I enjoyed another awe-inspiring night at the Service to America Medals awards gala last night. As always, the Partnership for Public Service did a great job of identifying worthy federal winners of the awards, and their accomplishments are stunning.
Federal Employee of the Year Dr. Lynne Mofenson of the National Institutes of Health has made it her mission to prevent mother-to-child transmission of AIDS -- and has largely succeeded. Susan Angell of the Veterans Affairs Department and Mark Johnston of the Department of Housing and Urban Development, along with their colleagues on the Homeless Veterans Initiative Team, have worked together to come up with innovative ways to provide housing for vets. Charles Scoville, chief of the Amputee Patient Care Service at Walter Reed National Military Medical Center, used the techniques of sports medicine not just to get wounded warriors back on their feet, but competing in triathlons, climbing Mt. Everest and jumping out of airplanes.
The undercurrent of the evening, as always, was the notion that if only Americans knew more about these kinds of stories, then trust and faith in government might not be so low. Having been to the Sammies gala for many years now, I have a growing frustration with the lack of progress on that front. Because with the greatest respect for all the work the Partnership puts into this program every year, the fact is, it's just not that hard to find these stories. After all, the Partnership has been doing it for years, and makes no claim to having identified every worthy federal employee. For each person honored, there are dozens standing behind them contributing mightily to their accomplishments -- and thousands more toiling in obscurity.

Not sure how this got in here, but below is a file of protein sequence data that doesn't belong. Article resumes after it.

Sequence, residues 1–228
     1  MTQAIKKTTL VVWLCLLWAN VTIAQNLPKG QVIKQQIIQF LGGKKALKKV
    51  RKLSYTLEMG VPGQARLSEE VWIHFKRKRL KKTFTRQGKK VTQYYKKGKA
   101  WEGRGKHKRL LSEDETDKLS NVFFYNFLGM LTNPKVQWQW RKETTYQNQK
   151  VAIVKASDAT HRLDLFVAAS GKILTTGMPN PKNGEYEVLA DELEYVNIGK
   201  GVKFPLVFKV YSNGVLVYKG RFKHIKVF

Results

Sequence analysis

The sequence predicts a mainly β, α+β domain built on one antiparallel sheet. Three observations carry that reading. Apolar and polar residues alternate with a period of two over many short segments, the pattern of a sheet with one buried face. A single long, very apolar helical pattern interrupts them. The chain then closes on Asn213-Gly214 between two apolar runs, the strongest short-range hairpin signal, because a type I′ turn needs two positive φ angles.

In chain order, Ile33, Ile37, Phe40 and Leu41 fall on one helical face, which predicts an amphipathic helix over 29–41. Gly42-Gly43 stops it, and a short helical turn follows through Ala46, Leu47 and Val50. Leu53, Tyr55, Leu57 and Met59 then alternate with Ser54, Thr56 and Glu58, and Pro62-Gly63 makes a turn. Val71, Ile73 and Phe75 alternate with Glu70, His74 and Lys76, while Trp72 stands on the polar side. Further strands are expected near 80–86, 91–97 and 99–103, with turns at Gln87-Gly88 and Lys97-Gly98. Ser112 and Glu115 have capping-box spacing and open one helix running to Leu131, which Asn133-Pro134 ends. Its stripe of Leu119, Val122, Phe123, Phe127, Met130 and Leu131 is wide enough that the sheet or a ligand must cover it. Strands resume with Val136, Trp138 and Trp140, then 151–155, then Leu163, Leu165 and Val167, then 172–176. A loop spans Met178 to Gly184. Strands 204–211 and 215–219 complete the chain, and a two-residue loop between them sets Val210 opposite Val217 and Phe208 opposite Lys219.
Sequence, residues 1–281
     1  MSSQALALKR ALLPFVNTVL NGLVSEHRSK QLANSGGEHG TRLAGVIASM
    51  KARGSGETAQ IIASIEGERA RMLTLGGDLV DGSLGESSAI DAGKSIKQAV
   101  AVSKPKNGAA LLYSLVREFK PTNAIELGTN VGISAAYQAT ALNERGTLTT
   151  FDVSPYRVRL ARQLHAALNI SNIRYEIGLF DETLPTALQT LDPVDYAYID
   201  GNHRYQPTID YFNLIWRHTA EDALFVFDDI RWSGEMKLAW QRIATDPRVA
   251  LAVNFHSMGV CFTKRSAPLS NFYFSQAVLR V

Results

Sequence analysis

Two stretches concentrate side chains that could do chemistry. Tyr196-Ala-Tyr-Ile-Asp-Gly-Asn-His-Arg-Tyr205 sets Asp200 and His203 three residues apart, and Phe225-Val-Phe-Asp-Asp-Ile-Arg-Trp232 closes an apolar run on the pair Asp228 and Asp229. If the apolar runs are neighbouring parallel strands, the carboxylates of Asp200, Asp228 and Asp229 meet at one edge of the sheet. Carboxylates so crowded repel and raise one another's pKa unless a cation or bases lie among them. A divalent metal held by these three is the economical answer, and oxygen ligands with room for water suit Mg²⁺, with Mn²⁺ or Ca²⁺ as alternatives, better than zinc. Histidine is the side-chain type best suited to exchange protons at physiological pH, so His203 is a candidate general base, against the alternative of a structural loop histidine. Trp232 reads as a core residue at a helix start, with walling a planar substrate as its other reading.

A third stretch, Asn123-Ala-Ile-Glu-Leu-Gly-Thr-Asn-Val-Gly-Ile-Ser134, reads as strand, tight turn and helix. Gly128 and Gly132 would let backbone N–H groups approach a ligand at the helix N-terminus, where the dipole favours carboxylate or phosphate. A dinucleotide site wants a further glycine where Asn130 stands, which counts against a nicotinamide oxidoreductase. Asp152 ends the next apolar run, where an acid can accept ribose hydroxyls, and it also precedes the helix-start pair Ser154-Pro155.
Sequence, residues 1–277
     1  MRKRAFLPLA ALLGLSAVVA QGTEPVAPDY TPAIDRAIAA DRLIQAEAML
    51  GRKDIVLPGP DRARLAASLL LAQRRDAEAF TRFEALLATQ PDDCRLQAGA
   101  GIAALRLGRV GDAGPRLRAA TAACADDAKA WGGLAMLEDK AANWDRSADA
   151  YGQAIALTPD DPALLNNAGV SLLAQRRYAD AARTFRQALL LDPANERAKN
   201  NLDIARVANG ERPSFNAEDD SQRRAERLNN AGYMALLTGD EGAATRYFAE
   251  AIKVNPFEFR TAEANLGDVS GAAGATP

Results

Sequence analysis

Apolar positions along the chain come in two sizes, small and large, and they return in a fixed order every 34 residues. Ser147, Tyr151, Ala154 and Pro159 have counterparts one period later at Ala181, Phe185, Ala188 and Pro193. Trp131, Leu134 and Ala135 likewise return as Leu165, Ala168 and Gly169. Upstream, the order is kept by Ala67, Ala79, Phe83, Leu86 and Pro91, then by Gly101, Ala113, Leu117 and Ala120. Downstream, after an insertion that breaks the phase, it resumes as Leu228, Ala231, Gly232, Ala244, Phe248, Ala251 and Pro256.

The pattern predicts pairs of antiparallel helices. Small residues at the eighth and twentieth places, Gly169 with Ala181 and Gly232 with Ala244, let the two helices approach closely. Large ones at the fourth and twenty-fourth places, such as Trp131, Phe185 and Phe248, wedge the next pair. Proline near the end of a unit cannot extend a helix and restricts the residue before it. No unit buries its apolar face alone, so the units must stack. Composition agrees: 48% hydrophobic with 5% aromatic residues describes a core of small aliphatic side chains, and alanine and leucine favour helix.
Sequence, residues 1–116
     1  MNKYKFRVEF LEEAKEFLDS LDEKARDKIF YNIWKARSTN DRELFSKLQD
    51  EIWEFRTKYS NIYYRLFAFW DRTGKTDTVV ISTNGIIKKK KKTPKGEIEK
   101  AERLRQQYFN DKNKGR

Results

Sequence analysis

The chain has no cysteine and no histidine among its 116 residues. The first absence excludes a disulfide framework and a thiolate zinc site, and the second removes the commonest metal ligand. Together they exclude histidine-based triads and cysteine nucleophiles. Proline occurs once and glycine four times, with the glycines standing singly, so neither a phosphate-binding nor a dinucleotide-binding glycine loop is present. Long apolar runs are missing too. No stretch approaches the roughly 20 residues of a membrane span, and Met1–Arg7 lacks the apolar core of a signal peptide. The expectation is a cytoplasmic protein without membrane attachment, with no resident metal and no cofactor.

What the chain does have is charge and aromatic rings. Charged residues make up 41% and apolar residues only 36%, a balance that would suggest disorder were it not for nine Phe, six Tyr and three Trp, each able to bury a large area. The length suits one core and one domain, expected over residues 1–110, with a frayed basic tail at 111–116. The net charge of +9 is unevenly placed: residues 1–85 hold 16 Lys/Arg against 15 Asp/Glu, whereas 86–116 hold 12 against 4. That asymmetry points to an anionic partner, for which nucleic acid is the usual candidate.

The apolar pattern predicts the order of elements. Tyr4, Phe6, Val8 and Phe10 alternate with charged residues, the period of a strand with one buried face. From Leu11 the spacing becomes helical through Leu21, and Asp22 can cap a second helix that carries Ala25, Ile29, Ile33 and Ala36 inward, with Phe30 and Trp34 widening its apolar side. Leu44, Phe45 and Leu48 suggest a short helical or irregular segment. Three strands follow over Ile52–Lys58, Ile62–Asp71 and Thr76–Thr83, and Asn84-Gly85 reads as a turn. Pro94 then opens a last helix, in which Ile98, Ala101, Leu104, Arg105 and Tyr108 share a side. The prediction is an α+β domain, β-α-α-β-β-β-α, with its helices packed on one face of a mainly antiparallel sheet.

One especially inspiring moment came near the end of the event, when Dr. Neal Young, chief of the Hematology Branch at the National Heart, Lung and Blood Institute at NIH, discussed his efforts to come up with a new treatment for aplastic anemia, a rare blood disorder. Noting that several other award winners had found ways to save the government money, Young noted that he simply spends federal dollars. So he credited members of Congress with providing funding for NIH's work, and thanked the American public for supporting its efforts.
Young and the other winners, in addition to being employed by the federal government, have one thing in common: They are relentlessly outcome-driven. Each is clearly working toward lofty goals: from eliminating disease to cutting the Navy's cost of purchasing ships. In most cases, they have set specific targets toward those goals that have resulted not only in ongoing measurable progress, but dramatic breakthroughs.
So today, you might ask yourself: What exactly am I trying to accomplish, and more importantly, what have I done for the American people?